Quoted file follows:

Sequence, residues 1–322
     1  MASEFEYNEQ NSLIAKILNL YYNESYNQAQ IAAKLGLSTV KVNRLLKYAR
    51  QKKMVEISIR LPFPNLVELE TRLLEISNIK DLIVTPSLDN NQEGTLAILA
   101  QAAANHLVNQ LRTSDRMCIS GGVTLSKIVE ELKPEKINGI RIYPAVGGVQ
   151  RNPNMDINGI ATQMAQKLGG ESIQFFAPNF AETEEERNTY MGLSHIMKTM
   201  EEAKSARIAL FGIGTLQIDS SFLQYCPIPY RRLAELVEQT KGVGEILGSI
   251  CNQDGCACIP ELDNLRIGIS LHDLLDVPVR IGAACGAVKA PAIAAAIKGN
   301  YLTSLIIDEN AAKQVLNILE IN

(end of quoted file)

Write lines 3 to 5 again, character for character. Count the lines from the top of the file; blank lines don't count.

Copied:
    51  QKKMVEISIR LPFPNLVELE TRLLEISNIK DLIVTPSLDN NQEGTLAILA
   101  QAAANHLVNQ LRTSDRMCIS GGVTLSKIVE ELKPEKINGI RIYPAVGGVQ
   151  RNPNMDINGI ATQMAQKLGG ESIQFFAPNF AETEEERNTY MGLSHIMKTM